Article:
So that is it, and I take those things and I create a strategy document and I create an outline for what I am going to write then I say, what is the (inaudible 30:44.3) do we need here in order to make this point and that because my research request.

And now I sit down ay my computer and I have got this completed outline with all of the facts and figures in it and it is time to start writing.

Jeremy Reeves: And you are already 80% done?

Clayton Makepeace: 80% done. You are right, you know. So now you just have to turn it into a conversation, simple, you know.

Jeremy Reeves: Nice, I love it, yeah. I actually — I like how you kind of laid it out like what do they have to believe you know and then how do you, you know, what do you have to say to have them believe that. I love that. I am going to start using that actually. That is good.

Alright, so moving into a little bit more of the business side of all this. I have a couple of things in here for people who are on the service side of thing, but then also you know, also clients who are hiring people like us you know, so what do you see — I am trying to figure how to say this, when you are — actually you know what, let us start with this one. When you are working with clients and they complained about people they are hiring you know, contract or service providers, copywriters, marketers, things like that, what are some of the things that they, that kind of you know, piss them you know, that pisses them off a little bit about people they are hiring you know, taking away the results and all that kind of stuff because that is you know, you kind of get the result or you do not. But you know, in terms of like the working relationship you know, what are some of the things that you see clients not particularly enjoying about working with copywriters. Does anything come into mind.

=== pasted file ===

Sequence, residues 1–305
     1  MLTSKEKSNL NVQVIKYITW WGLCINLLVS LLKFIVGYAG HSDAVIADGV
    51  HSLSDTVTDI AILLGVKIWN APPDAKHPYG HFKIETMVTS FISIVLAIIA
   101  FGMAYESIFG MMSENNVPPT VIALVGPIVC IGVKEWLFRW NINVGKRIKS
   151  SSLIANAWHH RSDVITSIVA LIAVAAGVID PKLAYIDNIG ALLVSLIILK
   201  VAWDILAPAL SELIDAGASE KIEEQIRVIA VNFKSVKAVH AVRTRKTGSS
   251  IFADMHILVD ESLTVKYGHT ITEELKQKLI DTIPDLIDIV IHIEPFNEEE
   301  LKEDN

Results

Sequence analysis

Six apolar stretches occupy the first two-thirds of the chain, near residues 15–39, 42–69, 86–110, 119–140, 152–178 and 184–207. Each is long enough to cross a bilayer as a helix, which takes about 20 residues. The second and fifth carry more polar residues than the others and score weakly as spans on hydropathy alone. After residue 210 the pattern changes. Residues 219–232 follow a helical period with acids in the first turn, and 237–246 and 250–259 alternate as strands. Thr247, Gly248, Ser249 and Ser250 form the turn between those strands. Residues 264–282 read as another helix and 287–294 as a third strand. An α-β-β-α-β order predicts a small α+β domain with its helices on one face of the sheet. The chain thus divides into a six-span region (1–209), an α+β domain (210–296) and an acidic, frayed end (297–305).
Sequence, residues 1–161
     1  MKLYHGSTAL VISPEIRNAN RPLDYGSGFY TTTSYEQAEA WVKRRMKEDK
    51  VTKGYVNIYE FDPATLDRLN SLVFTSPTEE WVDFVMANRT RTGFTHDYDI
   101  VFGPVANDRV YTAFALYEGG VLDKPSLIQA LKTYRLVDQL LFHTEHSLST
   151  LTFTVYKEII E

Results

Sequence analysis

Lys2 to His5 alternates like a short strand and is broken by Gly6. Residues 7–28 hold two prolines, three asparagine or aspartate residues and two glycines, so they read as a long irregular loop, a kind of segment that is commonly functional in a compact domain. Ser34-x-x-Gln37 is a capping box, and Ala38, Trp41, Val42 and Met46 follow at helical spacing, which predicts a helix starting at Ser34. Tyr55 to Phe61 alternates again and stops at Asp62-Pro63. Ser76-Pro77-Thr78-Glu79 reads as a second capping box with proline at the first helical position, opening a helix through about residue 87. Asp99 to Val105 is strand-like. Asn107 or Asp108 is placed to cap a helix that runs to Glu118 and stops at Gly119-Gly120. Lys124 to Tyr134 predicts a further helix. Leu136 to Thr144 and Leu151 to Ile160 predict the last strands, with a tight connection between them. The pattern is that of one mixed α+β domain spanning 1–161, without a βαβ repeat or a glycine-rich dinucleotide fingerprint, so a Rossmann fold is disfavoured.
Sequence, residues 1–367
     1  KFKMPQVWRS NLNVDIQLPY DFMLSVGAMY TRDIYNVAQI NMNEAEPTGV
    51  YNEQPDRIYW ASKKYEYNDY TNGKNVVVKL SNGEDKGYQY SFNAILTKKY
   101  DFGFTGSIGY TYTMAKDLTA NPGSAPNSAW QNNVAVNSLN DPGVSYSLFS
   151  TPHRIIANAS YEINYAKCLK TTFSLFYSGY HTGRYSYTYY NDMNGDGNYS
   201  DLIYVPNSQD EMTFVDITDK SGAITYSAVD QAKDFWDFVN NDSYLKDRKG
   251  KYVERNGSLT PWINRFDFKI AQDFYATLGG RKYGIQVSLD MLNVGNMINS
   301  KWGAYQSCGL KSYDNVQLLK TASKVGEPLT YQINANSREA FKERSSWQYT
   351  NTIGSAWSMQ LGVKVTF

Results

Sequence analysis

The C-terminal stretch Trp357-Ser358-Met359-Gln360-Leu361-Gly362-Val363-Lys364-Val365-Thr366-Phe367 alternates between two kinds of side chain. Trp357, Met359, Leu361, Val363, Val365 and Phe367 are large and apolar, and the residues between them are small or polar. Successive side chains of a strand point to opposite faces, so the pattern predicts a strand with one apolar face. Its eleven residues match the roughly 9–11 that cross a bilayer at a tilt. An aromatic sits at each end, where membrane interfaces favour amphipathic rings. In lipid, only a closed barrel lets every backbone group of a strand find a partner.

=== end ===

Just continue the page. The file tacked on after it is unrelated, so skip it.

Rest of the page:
Clayton Makepeace: Yeah. A lot of things. I am a client you know, I have gone to a point where although I write copy every day, I also hire other writers every day and I have got a staff 3 in-house writers. We also hire freelancers.

So I see it all the time. I think the first you know, the first thing is, this is not my first — this is my first rodeo. So do not try blowing smoke at my ass you know. It is physically impossible if 3 grandmothers all die while you are in this process you know, or you know, 6 grandfathers to get hospitalized still you cannot make your deadlines. If you are struggling, if you need help ask for it. If you do not understand your assignment, if you have questions ask them you know. It is a sign of intelligence you know. It is a sign that you thought this through, you thought about it and you have some valid questions.

I am working with Eric Patel right now. Eric is a great writer. One of the top guys in health industry and every once in a while, he will work with me on a financial project. Eric is just, he is great that way you know, he is very intuitive, but there is no question he would not ask.

The other thing is you know, communicate, if you are going to blow a deadline, that is fine. You know, Gary (inaudible 33:54.9) once said to me you know, I hired him to do a project, but I asked him when I am going to expect the first draft and he says, Clayton, my man, he goes the heartbreak of a blown deadline, has quickly forgotten in the warm blow of the new control.

That is so true you know, but just do not be working on somebody else’s project and you know, we are doing — not working on my project and putting me off. At some point, I am going to give you a kill if he did not tell you (inaudible 34:30.1) call me again.